A RETROSPECTIVE — FUN WITH SEA-ICE

Posted: January 25, 2014 by tallbloke in solar system dynamics

Great piece on Arctic sea ice.

Sunrise's Swansong

img Seaice Maine 1977008 .

Portrait of the artist first writing on sea-ice; coastal Maine, January 1977

img Seaice Maine 1977005

The artist “berging;”  coastal Maine, March 1977

(photo credits for above pictures: Joe Nichols)

(Click all pictures and maps in this post to enlarge them.)

A RETROSPECTIVE  — FUN WITH SEA-ICE

PART ONE

Nearly forty years ago, back when nobody talked of Global Warming, I lived up on the coast of Maine during a series of remarkably cold winters in the late 1970’s, residing in a shack on a dock on the Harraseeket River in South Freeport.  I worked landscaping, house-and-dog-sitting, posing as a nude model for an art school, managing a local market, “creasing sails” in a sail loft, in a herring cannery, but mostly as little as possible.  I was young. I was stupid. But I was learning.

One thing I learned about was sea ice, because I sauntered about on it.  Some of the…

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Comments
  1. hunter says:

    That is a beautiful essay. Well written, highly informative and fun. I was not aware of the blog before. I will visit it regularly in the future.

  2. Brian H says:

    Yeah, he writes a treat, doesn’t he? Pretty good “witness”, too. If you dare, venture into his recent archives, and wallow around.

    He poetically approved my “lamerick” about him:

    A meteorologist in balmy New Hampshire
    Watched Arctic Highs with something like rapture.
    When one smashed down from the north
    He stalked back and forth,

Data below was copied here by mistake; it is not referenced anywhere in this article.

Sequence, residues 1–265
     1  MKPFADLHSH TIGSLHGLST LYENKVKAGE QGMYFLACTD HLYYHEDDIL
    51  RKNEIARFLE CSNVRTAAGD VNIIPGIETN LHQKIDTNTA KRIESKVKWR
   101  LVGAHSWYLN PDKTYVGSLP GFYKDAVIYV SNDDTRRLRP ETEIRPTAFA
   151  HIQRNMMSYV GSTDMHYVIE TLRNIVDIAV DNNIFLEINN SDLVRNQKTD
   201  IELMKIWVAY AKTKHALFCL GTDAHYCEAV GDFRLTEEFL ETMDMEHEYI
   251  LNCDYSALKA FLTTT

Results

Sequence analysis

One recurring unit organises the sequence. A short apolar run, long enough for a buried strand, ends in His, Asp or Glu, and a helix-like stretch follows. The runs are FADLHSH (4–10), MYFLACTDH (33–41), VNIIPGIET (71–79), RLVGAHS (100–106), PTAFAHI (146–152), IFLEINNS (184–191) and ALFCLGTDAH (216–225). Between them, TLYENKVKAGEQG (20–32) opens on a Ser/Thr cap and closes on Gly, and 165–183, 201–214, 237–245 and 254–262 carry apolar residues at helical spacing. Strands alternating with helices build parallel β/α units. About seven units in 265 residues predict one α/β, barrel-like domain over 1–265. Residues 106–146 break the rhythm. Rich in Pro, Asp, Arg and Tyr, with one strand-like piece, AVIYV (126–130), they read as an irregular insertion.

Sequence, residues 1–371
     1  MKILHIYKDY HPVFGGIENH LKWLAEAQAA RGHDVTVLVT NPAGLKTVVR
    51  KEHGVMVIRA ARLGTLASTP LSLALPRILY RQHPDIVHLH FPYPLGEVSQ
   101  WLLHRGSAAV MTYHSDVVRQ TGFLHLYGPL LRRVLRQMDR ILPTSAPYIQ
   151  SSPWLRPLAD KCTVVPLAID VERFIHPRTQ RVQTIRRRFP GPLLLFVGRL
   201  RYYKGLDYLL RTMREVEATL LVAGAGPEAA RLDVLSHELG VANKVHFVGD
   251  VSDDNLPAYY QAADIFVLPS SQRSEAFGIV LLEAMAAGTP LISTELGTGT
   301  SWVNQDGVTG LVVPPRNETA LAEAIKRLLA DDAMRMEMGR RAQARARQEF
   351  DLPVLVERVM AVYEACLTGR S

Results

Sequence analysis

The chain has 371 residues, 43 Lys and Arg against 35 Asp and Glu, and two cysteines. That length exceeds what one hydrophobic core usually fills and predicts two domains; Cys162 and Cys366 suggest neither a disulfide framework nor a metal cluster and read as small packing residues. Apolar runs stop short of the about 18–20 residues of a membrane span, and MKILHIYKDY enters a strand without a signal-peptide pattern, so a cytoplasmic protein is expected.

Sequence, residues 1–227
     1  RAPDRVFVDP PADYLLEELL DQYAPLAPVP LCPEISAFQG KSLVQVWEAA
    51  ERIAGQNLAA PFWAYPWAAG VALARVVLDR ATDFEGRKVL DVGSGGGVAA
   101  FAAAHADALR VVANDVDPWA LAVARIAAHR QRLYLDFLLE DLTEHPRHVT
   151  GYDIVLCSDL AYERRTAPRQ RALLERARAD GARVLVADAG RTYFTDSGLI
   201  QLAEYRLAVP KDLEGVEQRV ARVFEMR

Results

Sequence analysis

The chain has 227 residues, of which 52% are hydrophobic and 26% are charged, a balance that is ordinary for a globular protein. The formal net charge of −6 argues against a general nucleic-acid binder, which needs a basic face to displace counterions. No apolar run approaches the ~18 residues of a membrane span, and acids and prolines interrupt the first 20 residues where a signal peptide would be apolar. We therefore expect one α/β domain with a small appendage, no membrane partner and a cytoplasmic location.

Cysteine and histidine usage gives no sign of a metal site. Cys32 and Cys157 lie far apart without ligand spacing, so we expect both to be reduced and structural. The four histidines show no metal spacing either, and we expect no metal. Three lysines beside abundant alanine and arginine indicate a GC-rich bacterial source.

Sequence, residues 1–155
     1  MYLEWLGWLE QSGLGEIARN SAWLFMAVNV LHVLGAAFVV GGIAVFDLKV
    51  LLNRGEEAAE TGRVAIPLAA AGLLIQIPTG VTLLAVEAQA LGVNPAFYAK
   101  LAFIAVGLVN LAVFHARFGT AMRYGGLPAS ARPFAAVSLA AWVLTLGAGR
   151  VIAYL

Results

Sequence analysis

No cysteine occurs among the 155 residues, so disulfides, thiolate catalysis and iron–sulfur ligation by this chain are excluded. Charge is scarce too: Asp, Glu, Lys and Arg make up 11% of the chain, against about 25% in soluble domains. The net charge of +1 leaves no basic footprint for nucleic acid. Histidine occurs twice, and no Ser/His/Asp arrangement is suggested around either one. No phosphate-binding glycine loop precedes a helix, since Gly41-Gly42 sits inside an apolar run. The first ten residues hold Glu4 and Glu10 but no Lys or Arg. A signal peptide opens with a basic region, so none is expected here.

Saying, “That was a good’un, fer damshure!”

    (Slightly edited)

  3. hunter says:

    Brian,
    What an excellent bit of doggerel. It is going to be a nice experience to get to know this blog.

  4. tchannon says:

    So that’s Caleb. Romping good yarn, no, story, no, I know, saga.

    Incidentally one difficulty with sensing by satellite is distinguishing between water and water, ponding. Also difficult is polarization hiding reality. This seems to end with statistical guessing, making assumptions about must-be-clear, can’t be any there.

    Last long look, very long, I took at Arctic sea ice data reached the conclusion there is a straight line but nature doesn’t do straight lines, nor is that sensible, there is an artefact from stitching together a variety of different sets of data from instruments with different characteristics and different orbits. Whole thing is a bit dubious.

    It has not become better with news from IJIS/JAXA as expected changing back from Windsat to the new and it seems different AMSU-2, reprocessing the older data. Yet another crack.

    “Sep. 6, 2013 The sea ice extent data were revised. [Click for details]”
    Link from this page http://www.ijis.iarc.uaf.edu/en/home/seaice_extent.htm